Sticky messages

Using props to teach reproductive health

Kathryn Luchok and Linda Robinson are teaching Midlands foster teens the facts of life with messages they hope will stick.

“Kids are not learning what they need to know in schools,” says Luchok, a research professor and medical anthropologist in the anthropology department. “Many parents are not comfortable doing it and health care providers often give explanations that are way over the kids’ heads. We had to start at the beginning.”

The goals are to give teens the information they need to protect themselves from sexually transmitted diseases and unintended pregnancy, which happens more than twice as often among foster care teens than for girls in general. The National Campaign to Prevent Teen and Unplanned Pregnancy says nearly half of girls in foster care have been pregnant before age 19 and almost a third of them have at least one child before the end of their teen years.

“They are also more likely to put their own children in foster care,” Luchok says.

Using a grant from the Lalor Foundation, the pair will use real world lessons — sticky messages, they call them — to help teens approaching adulthood and independent living make better and more informed decisions.

They will use a four-workshop series to help create a rapport between the teens and staff at group homes and help the teens feel comfortable seeking help and asking questions. The first step is to train the staff members in group homes for foster children followed by workshops for the teens themselves on connection/normalization, anatomy/physiology and contraception.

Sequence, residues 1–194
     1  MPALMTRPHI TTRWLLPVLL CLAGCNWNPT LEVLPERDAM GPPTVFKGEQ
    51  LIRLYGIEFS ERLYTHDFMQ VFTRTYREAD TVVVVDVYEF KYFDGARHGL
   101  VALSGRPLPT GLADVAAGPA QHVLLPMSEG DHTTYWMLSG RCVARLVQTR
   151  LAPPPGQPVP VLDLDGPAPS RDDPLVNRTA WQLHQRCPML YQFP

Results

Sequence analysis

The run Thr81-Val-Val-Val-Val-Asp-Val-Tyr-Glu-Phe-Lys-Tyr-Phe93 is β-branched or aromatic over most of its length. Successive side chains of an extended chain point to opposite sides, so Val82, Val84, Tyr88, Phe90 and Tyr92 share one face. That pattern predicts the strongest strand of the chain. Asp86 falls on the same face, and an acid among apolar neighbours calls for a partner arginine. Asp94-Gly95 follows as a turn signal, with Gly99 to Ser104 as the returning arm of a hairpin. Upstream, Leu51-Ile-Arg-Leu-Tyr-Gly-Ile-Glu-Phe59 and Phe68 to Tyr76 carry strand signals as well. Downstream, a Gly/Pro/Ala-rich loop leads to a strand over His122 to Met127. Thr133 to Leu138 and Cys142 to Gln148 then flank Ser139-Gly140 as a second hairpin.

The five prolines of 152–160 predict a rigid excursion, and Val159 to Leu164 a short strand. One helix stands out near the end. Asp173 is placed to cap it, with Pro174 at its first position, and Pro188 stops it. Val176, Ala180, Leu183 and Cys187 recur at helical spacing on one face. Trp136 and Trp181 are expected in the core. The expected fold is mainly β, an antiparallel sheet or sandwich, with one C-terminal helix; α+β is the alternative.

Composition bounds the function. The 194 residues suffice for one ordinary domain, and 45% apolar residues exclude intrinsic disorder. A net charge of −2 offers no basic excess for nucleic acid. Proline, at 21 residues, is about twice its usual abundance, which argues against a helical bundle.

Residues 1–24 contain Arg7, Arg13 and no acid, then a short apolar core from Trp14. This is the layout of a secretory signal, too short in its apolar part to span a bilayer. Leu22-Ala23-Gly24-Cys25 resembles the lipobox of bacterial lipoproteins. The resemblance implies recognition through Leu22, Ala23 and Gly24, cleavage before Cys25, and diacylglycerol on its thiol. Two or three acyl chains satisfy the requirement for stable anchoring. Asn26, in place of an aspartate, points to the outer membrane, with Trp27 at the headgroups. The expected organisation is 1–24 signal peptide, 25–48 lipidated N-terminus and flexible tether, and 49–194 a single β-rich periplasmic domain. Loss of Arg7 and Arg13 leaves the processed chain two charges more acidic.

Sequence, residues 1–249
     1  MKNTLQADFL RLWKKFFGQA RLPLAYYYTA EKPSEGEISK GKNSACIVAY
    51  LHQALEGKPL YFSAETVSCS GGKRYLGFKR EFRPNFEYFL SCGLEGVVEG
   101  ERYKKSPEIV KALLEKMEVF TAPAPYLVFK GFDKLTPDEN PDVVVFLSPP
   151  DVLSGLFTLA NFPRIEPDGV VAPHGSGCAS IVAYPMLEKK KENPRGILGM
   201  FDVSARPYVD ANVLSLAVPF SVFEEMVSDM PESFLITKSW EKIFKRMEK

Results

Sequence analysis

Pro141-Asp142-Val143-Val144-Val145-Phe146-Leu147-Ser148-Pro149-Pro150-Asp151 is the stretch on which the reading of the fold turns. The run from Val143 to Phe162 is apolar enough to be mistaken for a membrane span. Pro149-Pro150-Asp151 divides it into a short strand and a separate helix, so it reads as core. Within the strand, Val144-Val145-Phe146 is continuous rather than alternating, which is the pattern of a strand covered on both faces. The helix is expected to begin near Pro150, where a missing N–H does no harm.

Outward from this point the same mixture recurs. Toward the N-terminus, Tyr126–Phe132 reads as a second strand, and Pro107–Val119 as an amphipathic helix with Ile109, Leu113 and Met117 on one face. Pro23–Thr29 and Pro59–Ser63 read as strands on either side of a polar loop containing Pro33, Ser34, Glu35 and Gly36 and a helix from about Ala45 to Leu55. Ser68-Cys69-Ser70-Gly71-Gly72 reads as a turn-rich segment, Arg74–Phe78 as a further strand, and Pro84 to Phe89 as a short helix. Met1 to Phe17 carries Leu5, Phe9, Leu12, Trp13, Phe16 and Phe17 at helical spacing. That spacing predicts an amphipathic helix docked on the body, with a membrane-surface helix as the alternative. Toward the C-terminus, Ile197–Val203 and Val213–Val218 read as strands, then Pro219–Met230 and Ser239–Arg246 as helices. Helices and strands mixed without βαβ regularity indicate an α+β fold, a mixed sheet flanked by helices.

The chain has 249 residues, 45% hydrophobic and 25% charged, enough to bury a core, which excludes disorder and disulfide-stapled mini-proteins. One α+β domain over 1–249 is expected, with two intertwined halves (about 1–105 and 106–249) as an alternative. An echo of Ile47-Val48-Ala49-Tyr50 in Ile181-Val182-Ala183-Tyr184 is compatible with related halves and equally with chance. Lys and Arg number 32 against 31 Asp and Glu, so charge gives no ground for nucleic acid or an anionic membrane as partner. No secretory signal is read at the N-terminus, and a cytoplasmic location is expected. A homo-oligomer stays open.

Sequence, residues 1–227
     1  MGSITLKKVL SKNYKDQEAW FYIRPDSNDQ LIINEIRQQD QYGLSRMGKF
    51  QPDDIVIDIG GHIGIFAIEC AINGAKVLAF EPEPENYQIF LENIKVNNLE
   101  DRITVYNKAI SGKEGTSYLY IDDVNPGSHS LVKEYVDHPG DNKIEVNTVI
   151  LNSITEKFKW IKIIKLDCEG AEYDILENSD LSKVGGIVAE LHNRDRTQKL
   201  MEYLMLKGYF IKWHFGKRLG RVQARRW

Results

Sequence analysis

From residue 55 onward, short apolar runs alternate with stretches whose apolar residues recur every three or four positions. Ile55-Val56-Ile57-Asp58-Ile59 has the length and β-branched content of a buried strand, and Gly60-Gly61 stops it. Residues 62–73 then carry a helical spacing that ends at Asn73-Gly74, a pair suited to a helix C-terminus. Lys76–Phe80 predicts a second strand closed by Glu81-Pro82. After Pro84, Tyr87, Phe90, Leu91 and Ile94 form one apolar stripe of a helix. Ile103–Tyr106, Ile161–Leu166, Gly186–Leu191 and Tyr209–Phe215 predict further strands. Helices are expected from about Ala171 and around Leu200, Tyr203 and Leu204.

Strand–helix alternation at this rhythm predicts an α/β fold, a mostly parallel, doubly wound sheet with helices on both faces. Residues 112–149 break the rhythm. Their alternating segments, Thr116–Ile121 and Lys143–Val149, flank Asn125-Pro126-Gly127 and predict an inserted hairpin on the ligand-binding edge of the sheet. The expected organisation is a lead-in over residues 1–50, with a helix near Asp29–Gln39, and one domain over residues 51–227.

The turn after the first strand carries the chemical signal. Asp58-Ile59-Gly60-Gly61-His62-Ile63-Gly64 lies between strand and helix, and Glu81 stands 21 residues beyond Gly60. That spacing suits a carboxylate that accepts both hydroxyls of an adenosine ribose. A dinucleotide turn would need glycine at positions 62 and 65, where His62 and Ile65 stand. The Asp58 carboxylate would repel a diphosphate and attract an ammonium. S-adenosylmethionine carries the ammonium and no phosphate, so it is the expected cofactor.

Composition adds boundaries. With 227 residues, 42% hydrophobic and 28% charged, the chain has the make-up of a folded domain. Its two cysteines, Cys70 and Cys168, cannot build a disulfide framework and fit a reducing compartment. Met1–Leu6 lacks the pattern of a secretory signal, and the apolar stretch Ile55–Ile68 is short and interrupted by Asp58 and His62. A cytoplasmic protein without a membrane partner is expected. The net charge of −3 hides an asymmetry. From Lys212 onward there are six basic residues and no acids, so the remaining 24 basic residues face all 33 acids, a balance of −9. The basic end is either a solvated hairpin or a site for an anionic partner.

The final phase will be to create ongoing group conversation time when teens can ask questions and get honest answers without judgment.

“Sex education in school is often fear-based, preachy, boring and too technical,” Luchok says. “Linda has developed her fun and unexpected messages over years as a nurse practitioner focused on family planning and reproductive health.”

One example of a “sticky message” is IDDF, which stands for “I Don’t Do Fluids,” as a shorthand to remind teens that condoms can help prevent pregnancy and disease.

The messaging also uses visuals to help cement a concept — such as emptying a 2-liter bottle filled with sand to show how many sperm are released during sex or an egg carton to show how hormonal contraceptives such as “the pill” work by keeping your egg carton closed.

Luchok says the hope is that they will acquire enough data about the effect of these workshops to move their methods into the evidence-based canon of sex education. Eventually it may be incorporated into the curriculum the Department of Social Services uses in its foster care independent living program.

“We don’t focus on telling them not to have sex,” she says. “Eventually almost everybody’s going to do it. We want them to be mindful of the preparations they must do in order to make this a healthy part of their lives. If they do not control their reproductive destiny, it will control them.”

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